First Avenue ∑ Sunday 4.10

Formed during the mid-1970s halcyon days of the U.K. punk upheaval, Wire remain a highly influential band who continue their enigmatic, maverick ways on the new Red Barked Tree. Disbanded and revived several times over the years, Wire is now reduced to the trio of original members Colin Newman, Graham Lewis, and Robert Grey, joined by guitarist Matt Simms on tour. Always unpredictable, Wire veer from anti-rock obstinacy to exploring pop conceits, strict avant-garde experimentation, minimalism, and noisy punk aggression. Tree has a bit of it all, from the opening "Please Take" (juxtaposing sleek, lyrical pop with a fuck-off message) to the jagged, industrial spiral "Moreover" and the punky bile of "Two Minutes." It's an album with tendrils drifting back to an earlier era, yet Wire don't sound dated so much as a band still setting their own peculiar agenda of fragmented symmetry. With Arcwelder. 18+. $18/$20 at the door. 7 p.m. 701 First Ave. N., Minneapolis; 612.332.1775. —Rick Mason

Kevin Eubanks Quintet

Dakota Jazz Club ∑ Monday 4.11 and Tuesday 4.12

Robert Plant brings his Band of Joy to the State
Robert Plant brings his Band of Joy to the State

After leading the Tonight Show band for 18 years, Kevin Eubanks left the late-night TV spotlight last spring, jaywalking back to his career as a respected jazz guitarist largely left in limbo for two decades. Although he did some playing and recording on the side, it was vastly overshadowed by his Leno gig. So last November's excellent Zen Food is essentially a welcome re-introduction. Juggling electric and acoustic music, Eubanks shows off his superlative chops on a repertoire of originals that touch on fusion, blues, bop, and beyond while working grooves that run from tasty to steamy. The jaunty drive of a piece like "Los Angeles" is nicely contrasted by the gorgeous, richly contemplative "Adoration," which is emerging as Eubanks's theme song. Joining him are fellow Leno alumni Smitty Smith on drums and pianist Gerry Etkins, along with saxophonist Bill Pierce and bassist Rene Camacho. All but Etkins are along on tour. $45 at 7 p.m.; $30 at 9 p.m. 1010 Nicollet Mall, Minneapolis; 612.332.1010. —Rick Mason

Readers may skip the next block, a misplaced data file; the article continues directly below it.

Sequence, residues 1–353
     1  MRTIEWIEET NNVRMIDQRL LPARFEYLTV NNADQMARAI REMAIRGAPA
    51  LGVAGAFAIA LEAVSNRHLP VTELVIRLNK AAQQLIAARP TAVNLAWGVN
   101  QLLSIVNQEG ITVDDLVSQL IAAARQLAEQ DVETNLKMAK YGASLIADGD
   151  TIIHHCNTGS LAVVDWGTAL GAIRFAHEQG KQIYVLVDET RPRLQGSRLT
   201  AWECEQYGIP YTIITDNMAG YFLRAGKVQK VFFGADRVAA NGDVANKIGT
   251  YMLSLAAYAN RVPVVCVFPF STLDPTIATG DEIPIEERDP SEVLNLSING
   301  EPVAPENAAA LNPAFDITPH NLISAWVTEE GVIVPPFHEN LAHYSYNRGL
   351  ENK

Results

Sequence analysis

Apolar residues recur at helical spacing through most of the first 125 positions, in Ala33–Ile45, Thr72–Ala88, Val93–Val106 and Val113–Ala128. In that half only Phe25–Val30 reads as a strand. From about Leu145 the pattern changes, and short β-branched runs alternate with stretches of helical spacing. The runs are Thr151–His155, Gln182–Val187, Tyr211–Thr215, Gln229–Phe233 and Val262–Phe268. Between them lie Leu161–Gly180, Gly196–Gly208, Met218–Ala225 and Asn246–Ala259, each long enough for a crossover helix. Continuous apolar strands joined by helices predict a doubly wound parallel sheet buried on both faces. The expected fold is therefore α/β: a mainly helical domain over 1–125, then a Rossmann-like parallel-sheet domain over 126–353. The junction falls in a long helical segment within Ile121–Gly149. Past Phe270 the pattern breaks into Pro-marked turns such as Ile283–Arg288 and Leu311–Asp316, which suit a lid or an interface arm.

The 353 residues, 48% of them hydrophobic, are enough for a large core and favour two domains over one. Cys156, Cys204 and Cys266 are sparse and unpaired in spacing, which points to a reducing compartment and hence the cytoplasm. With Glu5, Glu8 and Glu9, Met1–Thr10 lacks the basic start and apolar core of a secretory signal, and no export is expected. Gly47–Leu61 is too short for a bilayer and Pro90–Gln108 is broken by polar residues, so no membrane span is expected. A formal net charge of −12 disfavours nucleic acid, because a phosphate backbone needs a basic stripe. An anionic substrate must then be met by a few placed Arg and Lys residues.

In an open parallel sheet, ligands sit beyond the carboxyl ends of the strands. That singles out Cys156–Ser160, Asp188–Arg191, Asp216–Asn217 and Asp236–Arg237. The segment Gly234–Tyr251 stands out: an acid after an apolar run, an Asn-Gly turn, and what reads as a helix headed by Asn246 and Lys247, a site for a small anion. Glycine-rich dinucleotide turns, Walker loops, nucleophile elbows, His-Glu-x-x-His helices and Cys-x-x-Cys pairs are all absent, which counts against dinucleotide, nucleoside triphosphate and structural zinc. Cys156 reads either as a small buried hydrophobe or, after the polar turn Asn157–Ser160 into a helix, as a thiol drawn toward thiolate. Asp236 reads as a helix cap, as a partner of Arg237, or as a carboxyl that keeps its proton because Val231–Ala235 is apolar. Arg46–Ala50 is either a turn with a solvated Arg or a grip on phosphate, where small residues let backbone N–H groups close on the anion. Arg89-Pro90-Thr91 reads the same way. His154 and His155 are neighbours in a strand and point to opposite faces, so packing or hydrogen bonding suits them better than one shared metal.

My Chemical Romance

First Avenue ∑ Tuesday 4.12

Every record that My Chemical Romance has ever released has been a concept album, which is not so much a sign of prog-rock excess as it is a desire to be recognized as rock 'n' roll storytellers (well, comic-book writers, anyway). Was all the emo makeup just a tipoff to the band's theatrical tendencies? Either way, MCR have ditched most of the crying-in-your-diary sad-sack moves that the dreaded E-word drags with it, trading tears for stadium-rock aspirations. It's not very cerebral and loses its flavor faster than cheap gum, but it's big, dramatic fun while it lasts. With Neon Trees and the Architects. All ages. $36.50. 5 p.m. 701 First Ave. N., Minneapolis; 612.332.1775. —Ian Traas

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